MADAGASCAR: USAID and McCormick provide $3 million for biodiversity conservation

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MADAGASCAR: USAID and McCormick provide $3 million for biodiversity conservation©Hajakely / Shutterstock

The U.S. Agency for International Development (USAID) and McCormick & Company, one of the world's leading suppliers of flavours, seasonings and spices, have contributed $3 million (more than 11.4 billion Madagascan ariarys) to implement Madagascar's new biodiversity conservation project called "Sustainable Vanilla for People and Nature (SVPN)".

Madagascar, an island nation in the Indian Ocean off the southern coast of Africa, is increasingly vulnerable. Climate change, deforestation and extreme natural events are at stake. Even though 85% of the country’s population derives its livelihood from climate-sensitive agriculture.

To preserve the country’s biodiversity, McCormick & Company, an American company and one of the world leaders in flavours, seasonings and spices, and the National Cooperative Business Association Clusa International (NCBA Clusa), McCormick’s partner in Madagascar for several decades, have recently set up a new project to conserve Madagascar’s biodiversity. The project is called “Sustainable Vanilla for People and Nature (SVPN)”. It aims to improve the livelihoods of 3,000 farmers through sustainable vanilla production in the Sava and Analanjirofo regions of Madagascar. “The loss of one hectare of forest in Madagascar has a greater negative impact on global biodiversity than that lost elsewhere,” says NCBA Clusa.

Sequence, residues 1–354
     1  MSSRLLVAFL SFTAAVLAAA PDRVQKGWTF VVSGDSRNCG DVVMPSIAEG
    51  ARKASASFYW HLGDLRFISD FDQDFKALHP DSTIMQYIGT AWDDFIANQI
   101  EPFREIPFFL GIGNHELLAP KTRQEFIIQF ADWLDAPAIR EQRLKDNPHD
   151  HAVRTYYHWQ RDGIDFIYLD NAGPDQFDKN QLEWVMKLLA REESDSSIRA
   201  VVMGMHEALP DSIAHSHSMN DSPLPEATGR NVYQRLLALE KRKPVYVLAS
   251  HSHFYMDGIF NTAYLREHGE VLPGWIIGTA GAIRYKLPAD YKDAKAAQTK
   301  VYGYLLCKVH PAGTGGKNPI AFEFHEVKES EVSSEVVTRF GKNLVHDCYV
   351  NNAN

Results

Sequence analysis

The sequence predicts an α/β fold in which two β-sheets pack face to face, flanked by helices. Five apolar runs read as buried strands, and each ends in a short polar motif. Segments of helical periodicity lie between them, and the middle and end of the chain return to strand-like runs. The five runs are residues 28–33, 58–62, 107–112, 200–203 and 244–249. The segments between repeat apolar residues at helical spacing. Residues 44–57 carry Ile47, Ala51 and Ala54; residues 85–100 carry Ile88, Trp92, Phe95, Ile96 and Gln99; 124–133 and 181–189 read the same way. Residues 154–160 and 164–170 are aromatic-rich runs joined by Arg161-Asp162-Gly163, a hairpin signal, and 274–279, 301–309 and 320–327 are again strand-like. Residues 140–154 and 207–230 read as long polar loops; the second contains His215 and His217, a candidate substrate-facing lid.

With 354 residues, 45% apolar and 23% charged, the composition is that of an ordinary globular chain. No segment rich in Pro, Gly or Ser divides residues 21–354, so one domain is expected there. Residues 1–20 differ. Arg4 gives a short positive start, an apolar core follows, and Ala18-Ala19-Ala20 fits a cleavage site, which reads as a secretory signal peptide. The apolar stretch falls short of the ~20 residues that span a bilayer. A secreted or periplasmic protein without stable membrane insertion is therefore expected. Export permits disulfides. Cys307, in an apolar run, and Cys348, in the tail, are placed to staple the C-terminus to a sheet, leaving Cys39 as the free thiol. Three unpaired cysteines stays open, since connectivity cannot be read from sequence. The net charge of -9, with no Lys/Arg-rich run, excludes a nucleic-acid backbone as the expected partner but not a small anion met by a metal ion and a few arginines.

Madagascar’s new biodiversity conservation project is in line with McCormick & Company’s action plan. The company is committed to sustainably sourcing 100% of its five brands of spices and herbs, including vanilla, and to increasing the resilience of 90 % of the Malagasy farmers who grow their raw material by 2025.

A project involving more than 11.4 billion Madagascan ariarys

The SVPN project is co-funded by Usaid and McCormick & Company, which is also part of the U.S. agency’s Conservation and Communities Project (CCP). The two institutions recently decided to inject 3 million dollars, or more than 11.4 billion Madagascan ariarys over 3 years, for the implementation of the project. “We hope that the public-private partnership between USAID, McCormick and NCBA Clusa will help reverse the destructive trend of biodiversity, while increasing the production of high-quality certified vanilla, improving the resilience of farmers and their families, strengthening cooperative enterprises and helping farmers reduce their climate emissions,” says NCBA Clusa.

Inès Magoum

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